The first set of time indices is preferably embodied by K selected time indices, as shown at step 100 a, represented by {TKT}, from the set of N Nyquist time indices given by the Nyquist sampling rate. For example, if the Nyquist rate is 100 samples per unit of time, the set of N Nyquist time samples consists of 100 samples. If the first sampling rate is one-fifth of N (20 samples per unit of time), then {TKT} includes 20 time indices. Each of the K time indices in {TKT} may correspond to any one of the 100 indices in the Nyquist sample set. As should be appreciated, the first sampling rate may be embodied by the K time indices through direct identification of the K indices without actually computing the first sampling rate. Preferably, the first set of time indices thus corresponds to the first sampling rate and falls on a Nyquist rate or faster uniform grid of sample times.

The first compressed sensing matrix is a K×N matrix. K is preferably in the range of 4L to 6L with K being significantly less than N. L is the minimum number of coefficients required to capture the important information in the original signal. The actual values of K and N will vary depending upon the actual implementation of the present invention. However, a user, the apparatus 10, and/or the computer program may automatically estimate K and N based upon expected or desired signal reconstruction, signal characteristics, and system capabilities.

Preferably, the K time indices are selected based upon an arbitrary or random basis to facilitate accurate estimation and reconstruction of input signals. Consequently, the first sampling rate is not necessarily uniform. For instance, a user, the processor 20, and/or computer program may pseudo-randomly select K time indices from the set of N Nyquist time indices. However, the K time indices may be selected utilizing any criteria and are not necessarily randomly selected. Thus, the K time indices may be uniformly distributed throughout the set of N Nyquist indices.

As an illustrative example, an exemplary first compressed sensing matrix φT is shown below where K=4, N=8, and {TKT}={2, 4, 5, 8}:

Φ T = ( 0 1 0 0 0 0 0 0 0 0 0 1 0 0 0 0 0 0 0 0 1 0 0 0 0 0 0 0 0 0 0 1 )

If the exemplary first compressed sensing matrix φT is utilized to select samples from exemplary input x, the resulting relationship is:

Φ T x = ( x 2 x 4 x 5 x 8 )

The formed first compressed sensing matrix may stored within the memory 26 for later use by the apparatus 10 as is discussed below in more detail. In some embodiments, a plurality of formed first compressed sensing matrix may be stored with the memory 26 to facilitate later use by the apparatus 10 and processor 20. For example, the processor 20 may form a plurality of first compressed sensing matrices corresponding to various or predictable combinations of K and N and store the formed first compressed sensing matrices as a database within the memory 26.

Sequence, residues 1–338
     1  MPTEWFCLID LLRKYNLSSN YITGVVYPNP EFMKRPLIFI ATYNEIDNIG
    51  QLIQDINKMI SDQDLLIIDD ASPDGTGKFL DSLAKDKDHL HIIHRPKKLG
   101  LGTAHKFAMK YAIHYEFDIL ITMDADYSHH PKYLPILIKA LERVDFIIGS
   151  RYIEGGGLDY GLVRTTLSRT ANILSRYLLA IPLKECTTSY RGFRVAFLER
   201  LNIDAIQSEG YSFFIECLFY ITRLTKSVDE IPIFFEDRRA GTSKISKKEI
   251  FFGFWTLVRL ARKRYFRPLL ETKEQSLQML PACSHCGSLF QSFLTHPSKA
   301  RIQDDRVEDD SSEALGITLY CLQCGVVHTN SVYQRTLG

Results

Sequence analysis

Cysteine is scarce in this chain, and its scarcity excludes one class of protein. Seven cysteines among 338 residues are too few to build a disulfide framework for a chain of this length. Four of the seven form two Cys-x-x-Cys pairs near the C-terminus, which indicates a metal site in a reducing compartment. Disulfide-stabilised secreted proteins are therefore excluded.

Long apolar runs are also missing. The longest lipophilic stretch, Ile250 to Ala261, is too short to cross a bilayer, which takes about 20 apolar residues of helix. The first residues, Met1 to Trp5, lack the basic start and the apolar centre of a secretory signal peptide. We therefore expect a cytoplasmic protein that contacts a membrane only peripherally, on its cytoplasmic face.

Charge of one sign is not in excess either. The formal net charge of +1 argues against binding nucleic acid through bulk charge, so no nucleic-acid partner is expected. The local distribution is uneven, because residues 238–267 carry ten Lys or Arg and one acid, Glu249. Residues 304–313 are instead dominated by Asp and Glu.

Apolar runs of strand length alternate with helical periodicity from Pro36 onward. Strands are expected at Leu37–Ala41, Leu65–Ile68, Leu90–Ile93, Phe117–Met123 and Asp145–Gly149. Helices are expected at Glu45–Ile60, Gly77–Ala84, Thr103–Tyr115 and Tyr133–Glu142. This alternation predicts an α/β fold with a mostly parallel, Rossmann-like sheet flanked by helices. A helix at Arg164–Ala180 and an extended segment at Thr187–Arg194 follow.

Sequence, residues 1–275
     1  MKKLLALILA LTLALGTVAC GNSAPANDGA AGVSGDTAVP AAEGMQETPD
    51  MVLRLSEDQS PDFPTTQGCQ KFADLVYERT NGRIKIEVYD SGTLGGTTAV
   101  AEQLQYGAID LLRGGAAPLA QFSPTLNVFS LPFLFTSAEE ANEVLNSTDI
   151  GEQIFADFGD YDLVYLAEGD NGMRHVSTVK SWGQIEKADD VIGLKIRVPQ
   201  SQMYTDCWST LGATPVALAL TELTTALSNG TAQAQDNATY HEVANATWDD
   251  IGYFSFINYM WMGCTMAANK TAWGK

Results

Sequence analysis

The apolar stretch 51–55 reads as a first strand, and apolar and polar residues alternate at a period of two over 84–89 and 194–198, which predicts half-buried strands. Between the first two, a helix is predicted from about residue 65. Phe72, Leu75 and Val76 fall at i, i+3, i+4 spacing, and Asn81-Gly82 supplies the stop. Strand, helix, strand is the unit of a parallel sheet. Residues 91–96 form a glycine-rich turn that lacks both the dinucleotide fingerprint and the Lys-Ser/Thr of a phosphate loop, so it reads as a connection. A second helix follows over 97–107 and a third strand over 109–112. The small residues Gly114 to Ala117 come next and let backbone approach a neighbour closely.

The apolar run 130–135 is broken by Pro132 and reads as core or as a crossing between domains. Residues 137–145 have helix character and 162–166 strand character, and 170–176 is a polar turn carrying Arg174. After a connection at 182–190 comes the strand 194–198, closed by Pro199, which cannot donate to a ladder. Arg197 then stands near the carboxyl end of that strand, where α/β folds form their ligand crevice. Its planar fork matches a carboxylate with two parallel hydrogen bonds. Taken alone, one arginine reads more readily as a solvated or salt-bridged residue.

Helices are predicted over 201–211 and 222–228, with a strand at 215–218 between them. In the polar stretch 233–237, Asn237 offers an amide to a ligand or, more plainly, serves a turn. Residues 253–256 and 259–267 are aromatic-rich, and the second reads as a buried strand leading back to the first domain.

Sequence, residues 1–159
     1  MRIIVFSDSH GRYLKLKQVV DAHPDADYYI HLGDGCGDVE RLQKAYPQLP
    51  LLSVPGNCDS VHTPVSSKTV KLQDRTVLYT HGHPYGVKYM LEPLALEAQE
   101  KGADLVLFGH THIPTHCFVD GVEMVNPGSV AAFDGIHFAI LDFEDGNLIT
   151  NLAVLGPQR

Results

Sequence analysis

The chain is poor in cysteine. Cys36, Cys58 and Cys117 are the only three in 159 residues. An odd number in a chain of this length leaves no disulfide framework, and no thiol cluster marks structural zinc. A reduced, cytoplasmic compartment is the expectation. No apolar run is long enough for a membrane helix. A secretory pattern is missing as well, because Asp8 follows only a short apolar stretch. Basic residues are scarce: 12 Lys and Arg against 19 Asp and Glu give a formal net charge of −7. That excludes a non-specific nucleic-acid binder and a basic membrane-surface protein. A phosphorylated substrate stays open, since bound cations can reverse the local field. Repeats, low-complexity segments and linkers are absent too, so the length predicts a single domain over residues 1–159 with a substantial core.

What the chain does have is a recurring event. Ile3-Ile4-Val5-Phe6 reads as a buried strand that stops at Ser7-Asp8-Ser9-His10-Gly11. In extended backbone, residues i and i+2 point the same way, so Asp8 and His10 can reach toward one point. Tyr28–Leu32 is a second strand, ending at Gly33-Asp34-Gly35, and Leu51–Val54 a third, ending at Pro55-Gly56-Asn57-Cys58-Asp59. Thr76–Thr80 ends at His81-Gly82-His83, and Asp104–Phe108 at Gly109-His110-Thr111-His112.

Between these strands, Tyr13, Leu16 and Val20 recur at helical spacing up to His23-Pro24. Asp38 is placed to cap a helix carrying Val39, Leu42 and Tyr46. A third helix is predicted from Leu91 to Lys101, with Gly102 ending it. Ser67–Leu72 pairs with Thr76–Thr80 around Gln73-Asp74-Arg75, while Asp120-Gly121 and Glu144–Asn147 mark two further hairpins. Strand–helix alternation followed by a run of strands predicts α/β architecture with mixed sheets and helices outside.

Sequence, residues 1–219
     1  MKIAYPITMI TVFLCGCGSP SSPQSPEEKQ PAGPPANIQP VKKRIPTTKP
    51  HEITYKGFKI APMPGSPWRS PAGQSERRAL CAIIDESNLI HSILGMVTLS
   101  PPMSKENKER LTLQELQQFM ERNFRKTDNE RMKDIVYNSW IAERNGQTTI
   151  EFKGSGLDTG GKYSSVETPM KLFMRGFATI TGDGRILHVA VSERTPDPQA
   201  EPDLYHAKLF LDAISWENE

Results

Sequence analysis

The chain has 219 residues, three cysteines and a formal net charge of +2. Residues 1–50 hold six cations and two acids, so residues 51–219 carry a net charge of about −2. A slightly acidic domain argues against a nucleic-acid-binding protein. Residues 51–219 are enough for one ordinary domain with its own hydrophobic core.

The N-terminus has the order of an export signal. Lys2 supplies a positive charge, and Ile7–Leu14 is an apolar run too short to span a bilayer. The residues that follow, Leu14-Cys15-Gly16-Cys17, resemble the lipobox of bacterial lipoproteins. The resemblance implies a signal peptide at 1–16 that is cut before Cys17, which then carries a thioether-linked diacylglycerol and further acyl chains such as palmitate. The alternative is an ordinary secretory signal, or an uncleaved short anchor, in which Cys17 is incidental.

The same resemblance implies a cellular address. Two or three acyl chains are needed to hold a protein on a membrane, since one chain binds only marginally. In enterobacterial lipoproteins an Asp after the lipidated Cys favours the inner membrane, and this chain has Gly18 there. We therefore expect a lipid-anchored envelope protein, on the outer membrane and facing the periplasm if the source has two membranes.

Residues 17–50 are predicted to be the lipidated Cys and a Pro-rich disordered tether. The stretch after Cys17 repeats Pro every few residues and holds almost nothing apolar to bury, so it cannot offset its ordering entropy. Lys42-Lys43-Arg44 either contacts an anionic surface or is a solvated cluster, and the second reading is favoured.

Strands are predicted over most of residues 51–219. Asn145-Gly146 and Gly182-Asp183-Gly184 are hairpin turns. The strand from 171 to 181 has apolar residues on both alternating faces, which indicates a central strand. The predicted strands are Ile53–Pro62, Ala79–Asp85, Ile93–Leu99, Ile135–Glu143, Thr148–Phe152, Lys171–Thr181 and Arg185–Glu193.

In step 102, a second compressed sensing matrix is formed utilizing a plurality of frequencies and a second set of time indices corresponding to a second sampling rate. The plurality of frequencies is selected at step 102 a and corresponds to some portion of the entire frequency bandwidth of a signal. Preferably, the second compressed sensing matrix is formed by selecting rows from a Fourier transform matrix W generated utilizing a discrete time Fourier transform of an identity matrix I.

The identity matrix I is a N×N identity matrix wherein N corresponds to a desired number of discrete time Fourier transform (DTFT) points. As should be appreciated by those skilled in the art, the particular value of N will vary depending upon the particular implementation and configuration of the present invention. However, the apparatus 10 and/or the computer program may automatically estimate N based upon expected or desired reconstruction, signal characteristics, and system capabilities.

The Fourier transform matrix W is formed by taking a DTFT, fast Fourier transform (FFT), or other Fourier transform or combination of Fourier transforms of the N×N identity matrix I. The resulting Fourier transform matrix W is also a N×N matrix. An exemplary Fourier transform matrix W is shown below, where N=4, a significantly lower value than would preferably utilized in practice:

W = ( 1 + 0 i 1 + 0 i 1 + 0 i 1 + 0 i 1 + 0 i 0 - 1 i - 1 + 0 i 0 + 1 i 1 + 0 i - 1 + 0 i 1 + 0 i - 1 + 0 i 1 + 0 i 0 + 1 i - 1 + 0 i 0 - 1 i )

The formed Fourier transform matrix W may be stored within the memory 26 for later use by the processor 20 or other elements. Further, the processor 20 and/or computer program may generate a plurality of Fourier transform matrices corresponding to different N values to facilitate rapid formation of the second compressed sensing matrix.

After formation or retrieval of the Fourier transform matrix W, one or more rows are selected from W to form an intermediate compressed sensing matrix represented by φF. The rows are selected based upon a plurality of frequencies. Specifically, each row of the matrix W generally corresponds to one of the N Fourier transform points and selection of any row of W generally corresponds to selection of a particular frequency or plurality of frequencies. Thus, in some embodiments, the rows of W may be uniformly, pseudo-randomly, or arbitrarily selected to form the second compressed sensing matrix. The intermediate matrix φF may be specifically formed by appropriating the real and imaginary components of the selected rows of W (i.e. φF=[Re(WSEL);Im(WSEL)]).